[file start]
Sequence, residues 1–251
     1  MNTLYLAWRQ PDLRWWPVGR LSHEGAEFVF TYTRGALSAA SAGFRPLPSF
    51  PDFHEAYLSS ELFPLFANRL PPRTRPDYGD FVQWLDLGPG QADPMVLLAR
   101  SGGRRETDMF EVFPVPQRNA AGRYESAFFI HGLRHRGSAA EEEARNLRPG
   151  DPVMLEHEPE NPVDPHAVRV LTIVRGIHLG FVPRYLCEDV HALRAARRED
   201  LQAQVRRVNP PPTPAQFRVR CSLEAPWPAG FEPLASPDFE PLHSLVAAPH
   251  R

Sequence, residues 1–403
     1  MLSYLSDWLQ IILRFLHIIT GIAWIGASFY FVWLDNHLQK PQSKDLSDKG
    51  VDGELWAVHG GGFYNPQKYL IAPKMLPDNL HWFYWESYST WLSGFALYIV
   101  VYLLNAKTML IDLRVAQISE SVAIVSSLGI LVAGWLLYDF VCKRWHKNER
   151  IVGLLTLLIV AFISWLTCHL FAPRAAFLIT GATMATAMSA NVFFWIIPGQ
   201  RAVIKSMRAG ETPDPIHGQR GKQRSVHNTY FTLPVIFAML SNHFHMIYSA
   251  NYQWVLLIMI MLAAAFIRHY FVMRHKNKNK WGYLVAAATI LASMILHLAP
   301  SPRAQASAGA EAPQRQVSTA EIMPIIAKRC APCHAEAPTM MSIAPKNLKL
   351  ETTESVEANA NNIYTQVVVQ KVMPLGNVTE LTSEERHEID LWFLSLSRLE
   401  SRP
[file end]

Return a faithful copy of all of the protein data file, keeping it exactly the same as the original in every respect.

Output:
Sequence, residues 1–251
     1  MNTLYLAWRQ PDLRWWPVGR LSHEGAEFVF TYTRGALSAA SAGFRPLPSF
    51  PDFHEAYLSS ELFPLFANRL PPRTRPDYGD FVQWLDLGPG QADPMVLLAR
   101  SGGRRETDMF EVFPVPQRNA AGRYESAFFI HGLRHRGSAA EEEARNLRPG
   151  DPVMLEHEPE NPVDPHAVRV LTIVRGIHLG FVPRYLCEDV HALRAARRED
   201  LQAQVRRVNP PPTPAQFRVR CSLEAPWPAG FEPLASPDFE PLHSLVAAPH
   251  R

Sequence, residues 1–403
     1  MLSYLSDWLQ IILRFLHIIT GIAWIGASFY FVWLDNHLQK PQSKDLSDKG
    51  VDGELWAVHG GGFYNPQKYL IAPKMLPDNL HWFYWESYST WLSGFALYIV
   101  VYLLNAKTML IDLRVAQISE SVAIVSSLGI LVAGWLLYDF VCKRWHKNER
   151  IVGLLTLLIV AFISWLTCHL FAPRAAFLIT GATMATAMSA NVFFWIIPGQ
   201  RAVIKSMRAG ETPDPIHGQR GKQRSVHNTY FTLPVIFAML SNHFHMIYSA
   251  NYQWVLLIMI MLAAAFIRHY FVMRHKNKNK WGYLVAAATI LASMILHLAP
   301  SPRAQASAGA EAPQRQVSTA EIMPIIAKRC APCHAEAPTM MSIAPKNLKL
   351  ETTESVEANA NNIYTQVVVQ KVMPLGNVTE LTSEERHEID LWFLSLSRLE
   401  SRP